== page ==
What I mean by the question is if retrodiction has been attempted back to, say, 50 or 100 years starting with the presently known state of climate as initial conditions using the same equations and methods that are popularly used to predict climate 50 or 100 years ahead?

If yes, how well retrodiction turned out? If not, why not?

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    $\begingroup$ The Navier-Stokes equations are not time-reversible so I doubt it would be possible to use the same equations and methods. $\endgroup$ – tpg2114 Jan 26 '14 at 2:19
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    $\begingroup$ Of course you realize that the mathematical models have been fitted to the climate data up to the present and the predictions are extrapolations to the future. This means that any retrodiction using one of the existing models already contains the data and is invalid as a check. One should start from scratch taking lets say the last 50 years and fitting the parameters, and then retrodict from 50 to 100, or something like that. $\endgroup$ – anna v Jan 26 '14 at 6:16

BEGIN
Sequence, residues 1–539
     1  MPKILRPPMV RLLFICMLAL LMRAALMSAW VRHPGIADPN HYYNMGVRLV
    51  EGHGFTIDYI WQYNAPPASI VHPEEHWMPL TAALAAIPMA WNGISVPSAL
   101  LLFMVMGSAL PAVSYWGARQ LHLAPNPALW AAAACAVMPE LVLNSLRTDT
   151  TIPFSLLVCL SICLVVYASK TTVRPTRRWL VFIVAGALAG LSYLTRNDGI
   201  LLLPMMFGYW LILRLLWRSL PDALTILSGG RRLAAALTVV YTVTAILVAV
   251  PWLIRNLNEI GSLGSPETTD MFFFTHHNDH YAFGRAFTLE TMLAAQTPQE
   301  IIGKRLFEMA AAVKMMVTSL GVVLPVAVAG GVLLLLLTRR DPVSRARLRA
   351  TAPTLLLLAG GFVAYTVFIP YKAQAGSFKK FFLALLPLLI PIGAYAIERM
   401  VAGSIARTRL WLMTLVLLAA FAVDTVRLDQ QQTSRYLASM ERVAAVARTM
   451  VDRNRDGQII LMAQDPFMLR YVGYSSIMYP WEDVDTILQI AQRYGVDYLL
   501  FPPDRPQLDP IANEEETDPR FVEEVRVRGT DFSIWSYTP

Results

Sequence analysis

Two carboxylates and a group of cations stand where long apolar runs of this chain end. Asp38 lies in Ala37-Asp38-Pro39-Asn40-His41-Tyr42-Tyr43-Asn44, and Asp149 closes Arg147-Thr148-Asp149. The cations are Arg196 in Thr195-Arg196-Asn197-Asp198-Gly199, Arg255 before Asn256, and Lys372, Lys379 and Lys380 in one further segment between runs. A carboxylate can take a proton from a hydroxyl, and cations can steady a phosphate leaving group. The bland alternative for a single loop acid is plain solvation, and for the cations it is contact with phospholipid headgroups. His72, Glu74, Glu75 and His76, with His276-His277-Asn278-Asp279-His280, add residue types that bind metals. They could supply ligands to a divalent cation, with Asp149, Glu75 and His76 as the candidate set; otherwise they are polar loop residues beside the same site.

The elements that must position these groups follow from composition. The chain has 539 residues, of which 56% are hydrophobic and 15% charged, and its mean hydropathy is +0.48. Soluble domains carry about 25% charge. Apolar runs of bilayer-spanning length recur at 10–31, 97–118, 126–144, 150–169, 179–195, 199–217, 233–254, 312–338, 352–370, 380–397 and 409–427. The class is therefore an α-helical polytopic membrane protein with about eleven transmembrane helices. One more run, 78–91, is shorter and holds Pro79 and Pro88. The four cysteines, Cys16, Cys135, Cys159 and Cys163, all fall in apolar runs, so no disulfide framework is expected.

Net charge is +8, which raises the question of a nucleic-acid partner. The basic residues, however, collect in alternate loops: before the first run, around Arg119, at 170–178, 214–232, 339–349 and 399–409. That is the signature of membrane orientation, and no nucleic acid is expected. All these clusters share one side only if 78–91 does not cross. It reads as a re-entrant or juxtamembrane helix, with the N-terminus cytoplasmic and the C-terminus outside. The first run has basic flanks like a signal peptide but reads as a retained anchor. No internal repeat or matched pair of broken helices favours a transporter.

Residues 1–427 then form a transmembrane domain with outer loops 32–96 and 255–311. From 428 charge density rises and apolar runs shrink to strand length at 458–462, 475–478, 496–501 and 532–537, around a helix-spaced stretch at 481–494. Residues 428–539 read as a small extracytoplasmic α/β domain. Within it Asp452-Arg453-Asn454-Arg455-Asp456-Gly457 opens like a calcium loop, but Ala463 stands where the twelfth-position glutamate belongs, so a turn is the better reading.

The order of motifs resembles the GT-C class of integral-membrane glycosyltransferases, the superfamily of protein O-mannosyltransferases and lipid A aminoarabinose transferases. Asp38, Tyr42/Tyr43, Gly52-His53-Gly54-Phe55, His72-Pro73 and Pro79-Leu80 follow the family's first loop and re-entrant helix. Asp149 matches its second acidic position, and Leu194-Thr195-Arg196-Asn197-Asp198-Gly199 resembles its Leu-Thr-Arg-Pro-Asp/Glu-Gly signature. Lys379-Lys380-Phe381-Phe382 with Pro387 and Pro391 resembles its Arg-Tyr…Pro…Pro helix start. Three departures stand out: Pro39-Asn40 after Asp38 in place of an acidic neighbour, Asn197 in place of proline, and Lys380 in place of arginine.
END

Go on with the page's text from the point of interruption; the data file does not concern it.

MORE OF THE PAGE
Very nice idea and question! Of course, also climate scientists have already come up with this idea. And an other similar idea, which is to take the available data on the climate from say 100 years ago and run the simulation for the next 50 years, and compare the obtained result with the real data from 50 years ago. These are the "backcasting" and "hindcasting" approaches. One recent paper is this:

A. Carlsson-Kanyama, H. Carlsen, Barriers in municipal climate change adaptation: results from case studies using backcasting, Futures (2013): http://dx.doi.org/10.1016/j.futures.2013.02.008

But you may find some more popular descriptions on the links here, here or here. I hope you were looking for some references like this.

Cheers, Zoltan


Paleoclimatology Modeling at the National Climatic Data Center of NOAA is a good resource to start with.


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